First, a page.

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Trump Lawyer Michael Cohen Uses Legal Threats To Protect His Client


Michael Cohen has served President Donald Trump for many years as his personal lawyer. And in that role, he often applied legal pressure in the form of threats to try and stop people from causing Trump any trouble. That included a reporter for The Daily Beast. He was writing a story in 2015 that Cohen thought would be unflattering to then-candidate Trump.


MICHAEL COHEN: So I'm warning you, tread very [expletive] lightly because what I'm going to do to you is going to be [expletive] disgusting. Do you understand me? Don't think you can hide behind your pen because it's not going to happen.

TIM MAK, BYLINE: Look, I'm...

COHEN: And if you have any - I'm more than happy to discuss it with your attorney and with your legal counsel because [expletive], you're going to need it.

MARTIN: The reporter Cohen is talking to there is Tim Mak, who now works with us here at NPR. And he is bringing this recording of Michael Cohen to light for the first time. Tim joins us in our studios.


MAK: Hey.

MARTIN: All right, give us a backstory here. How did you end up on this particular phone call with Michael Cohen?

MAK: So just to put this in context, this was in 2015. Trump's campaign had just launched. And you remember that opening campaign speech where he talked about Mexican immigrants?


MAK: He referred to a lot of them as criminals and drug dealers and even rapists.

MARTIN: Rapists, right.

MAK: You know, so I started reporting a story on accusations made in a 1993 book. And according to that book, Trump's first wife, Ivana, had said in a sworn deposition during their divorce that Trump had raped her. Now, she later said she didn't mean it in a legal or criminal sense, and she now praises Trump. And he denies it ever happened. But I reached out to the campaign for comment about this original claim. And I didn't get a call back from the campaign. I got a call back from Michael Cohen. And he started out by saying, hey, you shouldn't write this story because, actually, spousal rape isn't a crime. Now, it is a crime.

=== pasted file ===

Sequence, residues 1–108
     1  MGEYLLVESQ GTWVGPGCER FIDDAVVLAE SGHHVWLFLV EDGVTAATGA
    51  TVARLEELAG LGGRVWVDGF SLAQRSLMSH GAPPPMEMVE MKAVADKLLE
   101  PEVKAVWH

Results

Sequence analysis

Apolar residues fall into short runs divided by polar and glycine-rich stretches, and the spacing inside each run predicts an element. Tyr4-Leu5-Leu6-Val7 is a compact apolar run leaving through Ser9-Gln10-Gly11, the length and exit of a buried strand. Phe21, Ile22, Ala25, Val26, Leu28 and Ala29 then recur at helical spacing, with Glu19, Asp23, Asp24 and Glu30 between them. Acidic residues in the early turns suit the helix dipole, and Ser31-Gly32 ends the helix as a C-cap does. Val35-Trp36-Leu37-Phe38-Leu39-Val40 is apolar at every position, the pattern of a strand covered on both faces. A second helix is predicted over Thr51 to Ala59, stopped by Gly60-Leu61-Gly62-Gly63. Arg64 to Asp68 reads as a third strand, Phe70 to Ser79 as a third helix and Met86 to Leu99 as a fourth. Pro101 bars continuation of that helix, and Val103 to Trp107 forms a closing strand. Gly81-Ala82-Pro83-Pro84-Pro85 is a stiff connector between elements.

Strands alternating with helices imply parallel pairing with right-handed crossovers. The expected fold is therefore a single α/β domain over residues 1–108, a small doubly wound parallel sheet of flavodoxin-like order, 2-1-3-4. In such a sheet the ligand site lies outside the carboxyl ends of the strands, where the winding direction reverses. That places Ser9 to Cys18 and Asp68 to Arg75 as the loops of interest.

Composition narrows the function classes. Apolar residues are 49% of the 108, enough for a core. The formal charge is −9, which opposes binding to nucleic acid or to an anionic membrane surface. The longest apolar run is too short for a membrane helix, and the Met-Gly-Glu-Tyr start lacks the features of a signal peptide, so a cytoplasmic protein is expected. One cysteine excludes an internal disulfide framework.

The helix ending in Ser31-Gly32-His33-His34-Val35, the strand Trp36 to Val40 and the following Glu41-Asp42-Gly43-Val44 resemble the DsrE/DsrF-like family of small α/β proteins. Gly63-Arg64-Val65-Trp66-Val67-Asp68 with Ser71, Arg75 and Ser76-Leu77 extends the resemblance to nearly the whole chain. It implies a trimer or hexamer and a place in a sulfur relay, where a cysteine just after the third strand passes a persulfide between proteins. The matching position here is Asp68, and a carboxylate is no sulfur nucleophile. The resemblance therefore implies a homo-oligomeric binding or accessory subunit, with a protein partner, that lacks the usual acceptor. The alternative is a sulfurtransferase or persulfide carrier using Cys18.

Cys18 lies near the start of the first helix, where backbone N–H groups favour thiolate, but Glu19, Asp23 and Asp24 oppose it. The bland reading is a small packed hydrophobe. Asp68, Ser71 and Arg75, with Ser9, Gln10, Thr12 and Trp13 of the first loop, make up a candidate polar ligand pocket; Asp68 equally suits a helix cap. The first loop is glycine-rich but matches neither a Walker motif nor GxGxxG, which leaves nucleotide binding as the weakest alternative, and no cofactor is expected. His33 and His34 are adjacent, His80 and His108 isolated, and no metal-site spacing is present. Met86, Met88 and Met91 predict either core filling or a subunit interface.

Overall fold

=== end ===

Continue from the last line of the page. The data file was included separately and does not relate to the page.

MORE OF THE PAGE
MARTIN: It is a crime.

MAK: And Michael Cohen is a lawyer in the state of New York and should have known that. And the conversation really escalated from there.

MARTIN: It sounds like this fits into a pattern of behavior that many people have seen from Cohen when he thinks that they're crossing Trump. This is something he has done before, intimidate people.

MAK: Yeah. And we put a longer version of the conversation on, about seven minutes of this conversation. You can hear it. And basically, what you can tell is this is not the first time that Michael Cohen has picked up the phone and made legal threats like this. After a Harvard student pranked Mr. Trump during the 2016 campaign, for example, he told - this student, Tom Waddick, said that Michael Cohen called up yelling and screaming and trying to - threatening to have him expelled and threatening a lawsuit, you know?

He retweeted someone who said about Megyn Kelly after a contentious Republican debate, we can gut her. And he talks a lot about himself in our conversation in 2015, basically, about how he and Trump sued Univision for dropping out of the Miss USA pageants. Listen to this later on in our conversation for The Daily Beast in 2015.


COHEN: I think you should go ahead, and you should write the story that you plan on writing. I think you should do it because I think you're an idiot. All right? And I think your paper's a joke. And it’s going to be my absolute pleasure to serve you with a $500 million lawsuit, like I told - I did to Univision.

MARTIN: Was there a lawsuit, Tim?

MAK: So no. He, ultimately, did not file a lawsuit against either me or The Daily Beast. And in fact, another Trump lawyer got in touch with us and The Daily Beast's lawyers after Cohen had made the call. So it kind of shows how Cohen's role wasn't even primarily a traditional legal role - right? - that he was, in particular - at least in this case - being used for intimidation matters.

MARTIN: Does Cohen have anything to say about these tapes now that they're out there?

MAK: Well, we gave him and his lawyers a couple days to respond, and we haven't heard anything from them. And he's, of course, in his own legal situation right now.

MARTIN: All right. NPR's Tim Mak, thanks so much.

MAK: Thanks a lot. Transcript provided by NPR, Copyright NPR.

Tim Mak is NPR's Washington Investigative Correspondent, focused on political enterprise journalism.